The RSLondon community is run/managed by a committee of volunteers based at a range of different institutions within the region. Our current committee members are:

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Iain Barrass
Queen Mary University of London
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Ilektra Christidi
UCL
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Jeremy Cohen
Imperial College London
James DesLauriers
James DesLauriers
University of Westminster
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Tom Dowrick
UCL
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Tom Roberts
NHS / King’s College London
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Amy Strange
The Francis Crick Institute
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Adam Witney
St George’s University of London

Iain Barrass, Queen Mary University of London

Iain Barrass is the Research Software Engineering Team Leader in IT Services Research at Queen Mary University of London. His software support work primarily covers HPC, but he is particularly interested in reproducibility, usability and quality aspects of research software. He is a fellow of the Software Sustainability Institute and has a research background in infectious disease modelling.


Ilektra Christidi, UCL

Ilektra is a Senior Research Software Developer within the Research Software Development Group in UCL’s Centre for Advanced Research Computing.


Jeremy Cohen, Imperial College London

Jeremy Cohen is an Advanced Research Fellow in the Department of Computing and Director of Research Software Engineering Strategy at Imperial College London. He has a Computer Science background and his work focuses on supporting and undertaking the development of research software across multidisciplinary collaborations, RSE community building, training and the development of policy and models for research software engineering activities. Jeremy is an EPSRC RSE Fellow. He started and currently leads Imperial’s local research software community and the RSLondon regional research software community.


James DesLauriers, University of Westminster

I am a Lecturer in the University of Westminster School of Computer Science & Engineering and a member of the Research Centre for Parallel Computing. My research interests are focused on applying cloud orchestration solutions to a range of topics in various fields, including securing cloud-enabled applications in healthcare, deploying digital twins to enable Manufacturing-as-a-Service, and launching science gateways for Space Science research.


Tom Dowrick, UCL

Tom is an EPSRC RSE Fellow, working on RSE for image guided surgery and medical devices. He has been at UCL since 2013, working on a range of medical imaging projects, developing both hardware and software solutions. Previously, he completed an PhD in Electronic Engineering at the University of Liverpool, working on hardware based neural networks.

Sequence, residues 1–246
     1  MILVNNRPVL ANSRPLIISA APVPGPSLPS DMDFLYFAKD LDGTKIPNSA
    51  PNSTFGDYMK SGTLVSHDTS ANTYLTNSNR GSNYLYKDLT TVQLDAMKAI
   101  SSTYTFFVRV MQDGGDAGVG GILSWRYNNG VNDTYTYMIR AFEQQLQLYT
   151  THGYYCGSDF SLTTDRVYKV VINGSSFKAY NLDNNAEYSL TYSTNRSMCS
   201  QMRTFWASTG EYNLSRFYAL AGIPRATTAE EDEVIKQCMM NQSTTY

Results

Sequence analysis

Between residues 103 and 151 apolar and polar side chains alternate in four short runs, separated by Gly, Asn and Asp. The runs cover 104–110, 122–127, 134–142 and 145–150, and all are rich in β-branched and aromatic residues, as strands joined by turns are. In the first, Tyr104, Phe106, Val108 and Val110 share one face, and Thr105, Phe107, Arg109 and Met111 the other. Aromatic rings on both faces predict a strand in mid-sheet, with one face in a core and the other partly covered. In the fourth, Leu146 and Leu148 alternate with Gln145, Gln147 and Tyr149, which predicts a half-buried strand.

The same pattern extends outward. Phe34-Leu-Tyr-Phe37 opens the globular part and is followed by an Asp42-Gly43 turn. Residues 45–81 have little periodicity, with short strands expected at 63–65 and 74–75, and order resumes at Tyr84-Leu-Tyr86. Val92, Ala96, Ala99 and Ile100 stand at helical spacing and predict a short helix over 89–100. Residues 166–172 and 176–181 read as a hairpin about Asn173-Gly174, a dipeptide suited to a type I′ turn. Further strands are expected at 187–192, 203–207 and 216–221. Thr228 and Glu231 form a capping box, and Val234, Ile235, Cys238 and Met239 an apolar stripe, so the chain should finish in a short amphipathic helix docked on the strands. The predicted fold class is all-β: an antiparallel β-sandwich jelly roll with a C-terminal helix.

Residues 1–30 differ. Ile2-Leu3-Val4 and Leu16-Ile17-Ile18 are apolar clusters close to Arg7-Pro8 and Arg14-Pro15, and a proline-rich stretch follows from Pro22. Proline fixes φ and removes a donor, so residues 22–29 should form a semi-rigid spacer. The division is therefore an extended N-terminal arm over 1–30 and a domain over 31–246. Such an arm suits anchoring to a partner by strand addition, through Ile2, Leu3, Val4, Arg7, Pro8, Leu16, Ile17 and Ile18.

Tom Roberts, NHS / King’s College London

Tom is an imaging scientist specialising in MR imaging of foetuses inside the womb of pregnant mothers. His research is particularly focussed on developing new methods for studying the anatomy and blood flow of the foetal heart. Tom works closely with the radiologists and foetal cardiologists at St Thomas’ Hospital and the Evelina Children’s Hospital to turn cutting-edge research software into tools which can be used routinely by clinicians.


Amy Strange, The Francis Crick Institute

Amy is the Head of Software Engineering and AI at the Crick, she joined the institute 5 years ago with an extensive industry and commercial background, and works with a committed and capable team of research software and machine learning engineers supporting Crick researchers with computational solutions to a wide range of biomedical data problems. The team also has a mandate to educate, train and support researchers and PHD students across the organisation, providing computational training resources and best practice support.


Adam Witney, St George’s University of London

Adam’s research interests span the fields of computational analysis of complex datasets, such as next generation sequencing (NGS) and microarray data, and the design and implementation of biological databases. Currently, Adam plays a central role in multiple collaborative projects and activities across several research centres and institutes within St George’s, University of London and St George‚Äôs Healthcare NHS Trust, as well as externally. Specifically, Adam is developing computational pipelines for the implementation of NGS analysis within the context of clinical microbiology, and has applied these to various pathogens such as Mycobacterium tuberculosis and Pseudomonas aeruginosa. He is also involved in various research projects investigating the genomics of Neisseria gonorrhoea and Klebsiella pneumoniae in clinical samples.